# Problem with a Rin measuer

Discussion in 'Electronic Basics' started by Francesco, Aug 9, 2004.

1. ### FrancescoGuest

Hi,I have a problem with this circuit
http://digilander.libero.it/checco23/Schemi/Per_sito1.GIF , I try first
to calculate and after to measure in a simulation the value of Rin, but
the two results are much different!

Where is the mistake?

Data:

Vi= 100mV;

Ii( AC current at the transistor's base ) = 794nA;

hfe = 83.6;

re = 42 Ohm;

Ri ( calculate ) = (hfe+1)*( re + RE ) = 84.6*1042 = 88153.2 Ohm;

Ri ( measured ) = Vi/Ii = 100m/794n = 125944.6 Ohm;

The difference between the two result is too much!

Help me to understand where is my error!

Thanks !

Francesco

2. ### MantraGuest

Based on the diagram, I'm assuming R5 is intended to be the output
load. For an emitter follower, it's on the wrong transistor terminal.
It should be on emitter for an emitter follower - note this would
change the RE value to R3 || R5 ( '||' = parallel reduction ).
Strictly, as drawn, C2/R5 do nothing right now - for small signal they
are not even part of the circuit since all DC sources are effectively
grounded for analysis.

Perhaps you are measuing the correctly wired circuit rather than the
displayed circuit diagram: the change in RE is ~0.1% but 0.1% *
(Hfe+1) is 8.4% difference in the formula. Not enough to explain the
whole difference (formula deviates 29% from measured).

More likely: remember that the Ri/Zi formula you are using is only
valid for "small signal".

Try measuring with an even lower input signal level, e.g. 1 mV or 100
uV. 0.1 V is probably not "small signal" enough. Roughly speaking
with an 0.1V input and hfe of 83.6, your collector current is going to
move significantly so your Q-point/bias point is not going to be where
you thought it was.

For a 100 mV DC level you've shifted the Q-point, while for 100 mV AC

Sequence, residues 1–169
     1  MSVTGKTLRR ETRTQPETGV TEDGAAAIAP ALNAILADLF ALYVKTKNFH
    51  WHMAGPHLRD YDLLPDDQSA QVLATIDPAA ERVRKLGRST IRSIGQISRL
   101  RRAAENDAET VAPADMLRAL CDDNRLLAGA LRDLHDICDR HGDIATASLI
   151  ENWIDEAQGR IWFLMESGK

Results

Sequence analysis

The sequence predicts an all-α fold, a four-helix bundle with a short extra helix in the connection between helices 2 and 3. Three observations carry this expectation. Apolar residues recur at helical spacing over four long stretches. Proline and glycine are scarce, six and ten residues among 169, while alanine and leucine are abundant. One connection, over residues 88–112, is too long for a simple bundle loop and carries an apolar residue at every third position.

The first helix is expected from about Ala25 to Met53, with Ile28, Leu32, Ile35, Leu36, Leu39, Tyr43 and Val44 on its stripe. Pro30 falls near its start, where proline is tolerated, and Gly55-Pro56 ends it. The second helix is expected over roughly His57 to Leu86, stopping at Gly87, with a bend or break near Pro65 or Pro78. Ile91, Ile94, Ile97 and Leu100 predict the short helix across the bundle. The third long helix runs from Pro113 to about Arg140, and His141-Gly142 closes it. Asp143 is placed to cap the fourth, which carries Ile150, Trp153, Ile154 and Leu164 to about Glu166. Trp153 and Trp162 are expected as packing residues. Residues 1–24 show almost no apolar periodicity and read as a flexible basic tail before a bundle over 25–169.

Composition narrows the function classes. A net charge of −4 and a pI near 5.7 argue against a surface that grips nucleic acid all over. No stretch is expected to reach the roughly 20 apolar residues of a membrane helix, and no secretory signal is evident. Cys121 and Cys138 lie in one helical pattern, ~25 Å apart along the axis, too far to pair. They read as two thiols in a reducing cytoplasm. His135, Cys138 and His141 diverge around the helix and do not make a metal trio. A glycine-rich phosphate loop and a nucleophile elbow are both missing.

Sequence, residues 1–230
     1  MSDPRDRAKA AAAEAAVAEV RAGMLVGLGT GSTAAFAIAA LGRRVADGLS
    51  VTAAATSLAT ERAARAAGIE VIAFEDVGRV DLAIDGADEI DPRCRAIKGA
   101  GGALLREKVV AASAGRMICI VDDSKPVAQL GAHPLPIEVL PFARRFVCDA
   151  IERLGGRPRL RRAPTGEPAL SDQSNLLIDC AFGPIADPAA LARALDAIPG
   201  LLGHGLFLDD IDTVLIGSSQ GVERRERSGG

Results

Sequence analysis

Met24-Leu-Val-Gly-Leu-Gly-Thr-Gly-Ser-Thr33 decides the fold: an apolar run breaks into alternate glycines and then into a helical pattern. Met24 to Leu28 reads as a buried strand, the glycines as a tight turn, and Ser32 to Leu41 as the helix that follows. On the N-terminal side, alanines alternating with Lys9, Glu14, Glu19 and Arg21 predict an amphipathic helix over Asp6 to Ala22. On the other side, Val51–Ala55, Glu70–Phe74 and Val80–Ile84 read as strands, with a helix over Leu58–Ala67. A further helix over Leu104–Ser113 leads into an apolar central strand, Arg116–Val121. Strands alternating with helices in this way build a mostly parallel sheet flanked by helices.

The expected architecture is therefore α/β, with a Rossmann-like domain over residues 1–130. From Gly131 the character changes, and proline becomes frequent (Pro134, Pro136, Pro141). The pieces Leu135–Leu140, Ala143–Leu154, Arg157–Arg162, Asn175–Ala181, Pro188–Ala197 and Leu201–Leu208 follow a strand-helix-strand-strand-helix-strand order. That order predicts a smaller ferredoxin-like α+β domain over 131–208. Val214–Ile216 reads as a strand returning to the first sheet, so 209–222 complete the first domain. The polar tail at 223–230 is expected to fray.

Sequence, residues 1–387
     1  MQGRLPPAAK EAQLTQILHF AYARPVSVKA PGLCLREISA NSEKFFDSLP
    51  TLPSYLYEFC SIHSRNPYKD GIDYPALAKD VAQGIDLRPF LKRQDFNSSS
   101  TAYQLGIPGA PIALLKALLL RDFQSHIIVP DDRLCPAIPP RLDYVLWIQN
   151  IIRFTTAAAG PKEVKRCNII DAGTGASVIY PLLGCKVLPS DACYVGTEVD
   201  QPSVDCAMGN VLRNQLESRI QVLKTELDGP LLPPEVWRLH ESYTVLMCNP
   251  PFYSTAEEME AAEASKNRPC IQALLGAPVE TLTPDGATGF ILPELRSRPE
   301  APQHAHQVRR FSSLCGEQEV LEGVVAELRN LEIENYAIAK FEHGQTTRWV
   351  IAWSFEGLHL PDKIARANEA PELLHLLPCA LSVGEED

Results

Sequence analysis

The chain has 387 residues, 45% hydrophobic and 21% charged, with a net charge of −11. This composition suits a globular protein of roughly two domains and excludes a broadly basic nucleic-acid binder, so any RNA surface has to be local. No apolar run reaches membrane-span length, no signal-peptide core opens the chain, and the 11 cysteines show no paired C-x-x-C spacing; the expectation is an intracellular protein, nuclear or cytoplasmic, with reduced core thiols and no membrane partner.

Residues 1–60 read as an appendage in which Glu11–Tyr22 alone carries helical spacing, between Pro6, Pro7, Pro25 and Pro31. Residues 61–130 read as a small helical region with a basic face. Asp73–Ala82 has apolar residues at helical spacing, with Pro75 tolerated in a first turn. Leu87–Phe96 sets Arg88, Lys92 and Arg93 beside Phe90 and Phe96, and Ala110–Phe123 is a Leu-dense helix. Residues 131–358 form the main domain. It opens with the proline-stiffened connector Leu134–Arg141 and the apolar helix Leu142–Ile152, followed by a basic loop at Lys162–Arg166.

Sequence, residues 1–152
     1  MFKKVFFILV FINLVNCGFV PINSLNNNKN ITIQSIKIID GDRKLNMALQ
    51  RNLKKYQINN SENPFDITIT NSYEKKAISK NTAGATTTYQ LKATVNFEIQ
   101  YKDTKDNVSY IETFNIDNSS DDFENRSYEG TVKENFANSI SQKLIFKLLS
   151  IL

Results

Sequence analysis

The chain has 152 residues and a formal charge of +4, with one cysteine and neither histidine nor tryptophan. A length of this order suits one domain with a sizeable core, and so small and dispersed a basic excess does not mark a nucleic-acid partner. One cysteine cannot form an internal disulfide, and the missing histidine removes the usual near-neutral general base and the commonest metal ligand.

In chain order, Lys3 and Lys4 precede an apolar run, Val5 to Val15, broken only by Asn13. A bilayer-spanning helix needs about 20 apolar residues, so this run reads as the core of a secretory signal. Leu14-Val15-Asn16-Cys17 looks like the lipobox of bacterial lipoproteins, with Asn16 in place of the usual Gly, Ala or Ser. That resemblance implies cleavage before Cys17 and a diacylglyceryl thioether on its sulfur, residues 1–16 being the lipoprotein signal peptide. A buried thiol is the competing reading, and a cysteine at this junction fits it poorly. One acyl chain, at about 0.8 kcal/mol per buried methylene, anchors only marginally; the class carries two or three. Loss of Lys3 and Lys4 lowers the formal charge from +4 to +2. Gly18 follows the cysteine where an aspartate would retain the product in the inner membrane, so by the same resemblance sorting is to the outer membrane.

level you're seeing an integral input impedance of all the traversed
Q-points. Considering that, the difference of 88K vs 125K seems like
a reasonable result.

Another source of error: is the Hfe measured or from the datasheet?
If the latter, there is statistical variance between any actual
transistior and what the data sheet says (which is only the average
value of Hfe). If measured, how? In reality Hfe = Hfe(Ic) so it's
Q-point dependent also. Again gets back to not being small signal.
BTW the datasheet value of Hfe is always Hfe(Icmax) where Icmax is the
Ic that gives maximum(Hfe) - obvious marketing prefers listing *that*
value.

A remote possibility is Rb: the "full form" is Zin(CE/CC|s.s.) = (rb +
RB) + (Hfe+1)*(re + RE). Usually Rb is ignorable but not always.

Small signal can be a tricky concept: small signal is small only in
the sense of bias point shifting (as in Taylor expansions and the
resulting shift of y (or in this case Ic) ), but *not ever* in the
human intuition of when signal level seems "small" sense. Thus
small-signal really means "*small enough* that I *feel* comfortable
ignoring the *actual deviations* from my *assumption* of linear
operation". It's an important subtlety.

MM

3. ### FrancescoGuest

Perhaps I have find the error: in my preceding calculation I used, to
calculate beta, the DC Ic and Ib, instead of the AC values! Now infact
using the new beta ( AC values ) all is OK!